10 August 1977 The Department Of Defense Forward Looking Infrared Program
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Proceedings Volume 0103, Systems Integration and Optical Design: Another Look; (1977) https://doi.org/10.1117/12.955407
Event: 1977 SPIE/SPSE Technical Symposium East, 1977, Reston, United States
Abstract
Forward Looking Infra Red (FLIR) systems have become an important addition to the family of surveillance and fire control sensors associated with a variety of military weapon systems. These systems, operating primarily within the 8 to 14 micrometer atmospheric window, provide a real time image of ground, surface or air targets. Since the image results from the thermal contrast differences between targets and backgrounds, no external light source, such as moonlight, is necessary for operation at night. The systems were first used extensively during Southeast Asia operations in the late 1960's, where their main drawbacks were cost, size and weight. These latter problems were addressed over the past 5 years and a common design has evolved which results in compact, affordable systems which meet 80% of known DoD needs.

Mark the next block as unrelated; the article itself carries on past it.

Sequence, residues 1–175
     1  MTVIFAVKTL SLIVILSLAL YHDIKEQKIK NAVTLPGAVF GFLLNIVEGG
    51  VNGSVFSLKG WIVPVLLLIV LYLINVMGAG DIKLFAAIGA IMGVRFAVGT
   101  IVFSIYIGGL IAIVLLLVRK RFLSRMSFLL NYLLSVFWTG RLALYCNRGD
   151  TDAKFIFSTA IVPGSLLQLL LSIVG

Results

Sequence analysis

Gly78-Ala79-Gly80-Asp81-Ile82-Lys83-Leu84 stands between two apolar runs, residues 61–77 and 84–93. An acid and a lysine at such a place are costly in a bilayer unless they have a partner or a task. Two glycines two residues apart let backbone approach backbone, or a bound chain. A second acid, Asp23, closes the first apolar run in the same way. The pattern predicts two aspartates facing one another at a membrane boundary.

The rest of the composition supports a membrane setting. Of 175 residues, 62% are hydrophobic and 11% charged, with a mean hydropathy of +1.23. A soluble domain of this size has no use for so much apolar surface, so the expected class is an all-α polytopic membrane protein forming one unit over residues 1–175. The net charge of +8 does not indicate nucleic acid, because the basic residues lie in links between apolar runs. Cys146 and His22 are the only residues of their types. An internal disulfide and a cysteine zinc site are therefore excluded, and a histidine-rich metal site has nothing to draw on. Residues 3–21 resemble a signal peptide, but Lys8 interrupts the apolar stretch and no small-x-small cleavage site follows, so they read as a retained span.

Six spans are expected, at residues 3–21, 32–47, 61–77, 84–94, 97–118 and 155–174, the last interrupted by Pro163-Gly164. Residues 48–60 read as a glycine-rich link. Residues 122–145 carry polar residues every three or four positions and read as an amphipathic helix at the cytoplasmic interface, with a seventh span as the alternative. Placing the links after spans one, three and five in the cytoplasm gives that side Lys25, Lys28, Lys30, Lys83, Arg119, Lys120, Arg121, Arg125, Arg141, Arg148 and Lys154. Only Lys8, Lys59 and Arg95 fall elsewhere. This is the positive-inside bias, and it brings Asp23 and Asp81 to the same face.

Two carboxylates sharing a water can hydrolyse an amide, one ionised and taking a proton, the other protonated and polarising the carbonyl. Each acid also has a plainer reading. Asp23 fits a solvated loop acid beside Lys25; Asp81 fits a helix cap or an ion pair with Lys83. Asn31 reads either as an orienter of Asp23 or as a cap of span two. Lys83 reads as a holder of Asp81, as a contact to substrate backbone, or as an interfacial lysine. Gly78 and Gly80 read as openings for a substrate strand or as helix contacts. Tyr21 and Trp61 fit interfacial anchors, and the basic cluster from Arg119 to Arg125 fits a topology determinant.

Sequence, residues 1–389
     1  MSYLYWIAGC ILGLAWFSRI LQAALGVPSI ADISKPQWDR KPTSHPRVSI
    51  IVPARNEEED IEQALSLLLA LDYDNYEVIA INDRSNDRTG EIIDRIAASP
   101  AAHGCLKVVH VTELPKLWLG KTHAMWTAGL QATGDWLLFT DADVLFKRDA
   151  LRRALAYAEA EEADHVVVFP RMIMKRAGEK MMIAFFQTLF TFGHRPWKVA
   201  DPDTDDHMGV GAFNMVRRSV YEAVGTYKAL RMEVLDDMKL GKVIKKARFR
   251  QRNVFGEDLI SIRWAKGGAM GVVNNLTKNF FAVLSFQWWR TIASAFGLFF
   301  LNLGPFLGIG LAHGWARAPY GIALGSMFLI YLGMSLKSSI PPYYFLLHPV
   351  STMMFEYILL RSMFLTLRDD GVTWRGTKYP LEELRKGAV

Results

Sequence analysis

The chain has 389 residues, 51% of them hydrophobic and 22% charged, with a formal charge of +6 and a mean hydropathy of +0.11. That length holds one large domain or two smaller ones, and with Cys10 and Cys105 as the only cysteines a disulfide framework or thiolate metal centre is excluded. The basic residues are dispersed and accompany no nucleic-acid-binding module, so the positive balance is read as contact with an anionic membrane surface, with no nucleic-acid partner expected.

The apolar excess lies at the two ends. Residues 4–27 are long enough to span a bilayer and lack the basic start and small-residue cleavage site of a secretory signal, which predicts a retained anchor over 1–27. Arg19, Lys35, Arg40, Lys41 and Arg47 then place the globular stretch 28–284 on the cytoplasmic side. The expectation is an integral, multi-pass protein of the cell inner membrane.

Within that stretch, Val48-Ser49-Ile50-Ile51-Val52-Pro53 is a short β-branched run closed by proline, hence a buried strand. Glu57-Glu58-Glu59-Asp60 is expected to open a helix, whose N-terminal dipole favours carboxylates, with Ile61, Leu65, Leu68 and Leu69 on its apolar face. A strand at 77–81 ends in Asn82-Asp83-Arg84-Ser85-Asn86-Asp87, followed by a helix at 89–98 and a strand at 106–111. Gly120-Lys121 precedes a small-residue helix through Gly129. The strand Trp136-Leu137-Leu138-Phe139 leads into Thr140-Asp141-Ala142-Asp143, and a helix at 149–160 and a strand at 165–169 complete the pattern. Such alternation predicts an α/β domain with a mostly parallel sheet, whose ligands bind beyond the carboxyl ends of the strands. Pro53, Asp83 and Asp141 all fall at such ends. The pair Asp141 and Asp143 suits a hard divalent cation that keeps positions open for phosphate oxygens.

© (1977) COPYRIGHT Society of Photo-Optical Instrumentation Engineers (SPIE). Downloading of the abstract is permitted for personal use only.
E. N. Myers, E. N. Myers, } "The Department Of Defense Forward Looking Infrared Program", Proc. SPIE 0103, Systems Integration and Optical Design: Another Look, (10 August 1977); doi: 10.1117/12.955407; https://doi.org/10.1117/12.955407
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